A ninety year old interdepartmental collaboration had created a pedagogical approach to early education which is uniquely appropriate to Penn State. Creating a new facility provided an amazing opportunity, allowing educators and researchers to reconfirm and support the basic tenets of their mission but also to “push the envelope” in the design. Environmental education and connecting children to nature had become a high priority of the program but was severely limited by the old facility. The campus Masterplan called for a new school on a Greenfield site on the periphery of campus but the team quickly realized that removing children from the center of campus and proximity to the Department of Education was not in the best interest of broader university goals.
The design team was presented with three challenges:
1. To demonstrate Penn State's commitment to lifelong learning and the nearly 90 year history of early education on campus: relocate the early care and education program, created in 1929, to a new place – a place that connects children with nature and supports a biophilia-infused, child centered curriculum.
2. To heal the ragged edge of the Hort Woods, the only “heritage grove” of trees on campus. Create a campus entry that reflects the University’s commitment to sustainability in a facility that also speaks to children.
3. To explore innovative approaches to integrating sustainable design, nature, and education for young children, students, and academic researchers. Reconnect children and nature by creating tangible links between sustainable design, curriculum, and children’s everyday experiences. Support learning about environmental stewardship through exploration.
Benefiting from a 'perfect storm' of project circumstances, and using a highly collaborative and integrated design approach, Penn State University built a LEED Platinum early learning center that demonstrates the explicit connections between design, education, biophilia, and the environment. The project demonstrates how sustainable design can truly make an educational impact.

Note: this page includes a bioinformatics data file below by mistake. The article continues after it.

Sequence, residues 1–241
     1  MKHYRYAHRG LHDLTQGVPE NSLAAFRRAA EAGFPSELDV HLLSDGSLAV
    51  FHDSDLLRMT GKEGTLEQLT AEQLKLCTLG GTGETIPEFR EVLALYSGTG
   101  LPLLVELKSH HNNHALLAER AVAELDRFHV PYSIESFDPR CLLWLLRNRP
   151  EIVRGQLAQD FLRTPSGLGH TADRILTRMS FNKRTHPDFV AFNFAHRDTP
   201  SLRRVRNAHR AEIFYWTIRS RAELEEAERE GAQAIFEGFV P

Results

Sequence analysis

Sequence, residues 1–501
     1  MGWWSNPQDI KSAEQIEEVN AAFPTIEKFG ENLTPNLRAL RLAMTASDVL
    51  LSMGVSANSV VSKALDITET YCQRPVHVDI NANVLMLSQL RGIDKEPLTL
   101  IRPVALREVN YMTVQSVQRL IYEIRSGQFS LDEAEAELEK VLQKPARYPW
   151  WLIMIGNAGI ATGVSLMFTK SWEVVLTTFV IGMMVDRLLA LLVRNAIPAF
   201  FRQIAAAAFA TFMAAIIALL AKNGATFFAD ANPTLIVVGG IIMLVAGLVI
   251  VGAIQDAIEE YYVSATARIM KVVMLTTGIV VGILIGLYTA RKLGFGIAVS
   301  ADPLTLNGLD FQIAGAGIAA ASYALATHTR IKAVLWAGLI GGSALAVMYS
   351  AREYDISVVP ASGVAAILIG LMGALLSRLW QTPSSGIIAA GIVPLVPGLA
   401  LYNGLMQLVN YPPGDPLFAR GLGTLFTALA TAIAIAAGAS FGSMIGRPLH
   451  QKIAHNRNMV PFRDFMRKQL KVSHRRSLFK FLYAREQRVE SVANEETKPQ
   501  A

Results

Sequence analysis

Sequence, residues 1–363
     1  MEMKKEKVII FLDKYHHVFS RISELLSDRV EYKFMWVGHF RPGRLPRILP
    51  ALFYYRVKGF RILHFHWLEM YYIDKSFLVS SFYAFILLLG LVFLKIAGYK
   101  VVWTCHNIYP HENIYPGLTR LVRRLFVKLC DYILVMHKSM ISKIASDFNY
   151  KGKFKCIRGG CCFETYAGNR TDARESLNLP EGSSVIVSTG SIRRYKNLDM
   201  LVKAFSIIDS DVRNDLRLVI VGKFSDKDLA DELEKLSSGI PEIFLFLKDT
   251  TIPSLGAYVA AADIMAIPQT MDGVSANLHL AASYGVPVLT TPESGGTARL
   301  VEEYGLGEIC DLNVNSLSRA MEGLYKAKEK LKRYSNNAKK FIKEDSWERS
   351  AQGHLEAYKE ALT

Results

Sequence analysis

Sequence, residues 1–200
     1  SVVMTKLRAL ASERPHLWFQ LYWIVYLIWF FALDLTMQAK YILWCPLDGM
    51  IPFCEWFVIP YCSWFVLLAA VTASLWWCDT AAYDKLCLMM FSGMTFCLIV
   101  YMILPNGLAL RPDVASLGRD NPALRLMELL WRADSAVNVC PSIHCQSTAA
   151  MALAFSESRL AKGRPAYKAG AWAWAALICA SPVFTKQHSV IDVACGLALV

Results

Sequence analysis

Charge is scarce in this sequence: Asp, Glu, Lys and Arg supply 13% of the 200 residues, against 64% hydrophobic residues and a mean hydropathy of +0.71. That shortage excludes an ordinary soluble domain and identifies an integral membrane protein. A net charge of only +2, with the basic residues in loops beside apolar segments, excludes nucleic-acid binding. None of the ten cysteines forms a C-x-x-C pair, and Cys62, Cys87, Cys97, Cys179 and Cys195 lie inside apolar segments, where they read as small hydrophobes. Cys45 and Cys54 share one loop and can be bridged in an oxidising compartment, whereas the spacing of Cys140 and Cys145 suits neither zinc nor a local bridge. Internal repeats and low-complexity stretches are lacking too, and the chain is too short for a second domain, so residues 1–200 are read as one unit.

The project would not have been possible without the motivation and clarity of purpose provided by the Penn State University education team but was also dependent on a highly inclusive project development process. Beginning with site selection, representatives of the early learning team, education department, and campus planning were able to look beyond conventional site selection criteria to realize that keeping children on campus and "in the woods" outweighed any inherent site challenges. Since the project goals included maximizing children's connections to the out-of-doors and ensuring that key sustainability strategies are visible and engage students, user involvement at all stages of the design was critical. Involving the larger campus community in the design review process was invaluable in establishing consensus, and the University security, sustainability, and physical plant specialists were an integral part of the design process.
Project challenges included an extremely constrained site containing 'old growth' trees and a need to create an architecture that could fit comfortably into the campus setting while reflecting its purpose as a place for children. The choice and composition of materials (bricks forming larger blocks, copper wrapping and folding, and exposed structure) allow children to understand the building they inhabit with the same logic as the buildings they build out of blocks or cardboard boxes. It also provides an aesthetic introduction to the architectural fabric of the campus in a playful way appropriate to the program.
Key opportunities lay in the woods itself and the enthusiasm of the educators for their mission to connect children to the environment. The site, a somewhat forgotten parcel on the edge of the last intact wooded area on campus, was initially thought to be “too constrained” for the program but in the end, presented an amazing setting for children to engage the natural world and an opportunity for restoring and enhancing a key entry point to the campus. A "close reading" of the site (in this case, educational and emotional value of the woods, micro-climates and associated temperature gradients, and existing trees) informed the design.
Working with Penn State arborists, the design team determined that in order to protect the large trees, no building elements or impervious surfaces should be introduced outside of the footprint of the existing building and parking area. This constraint, along with the desire to maintain and restore the existing natural wooded areas and micro-climatic zones, drove the plan layout. Integrating the building into the woodland edge created a wide variety of spaces. The zones, which are defined in terms of form, climate, materiality, plantings, and opportunities for different activities, all enhance the children’s experience and awareness of their environment. The building placement also marks the campus entry with careful attention to scale, materials, and a playfulness appropriate to children.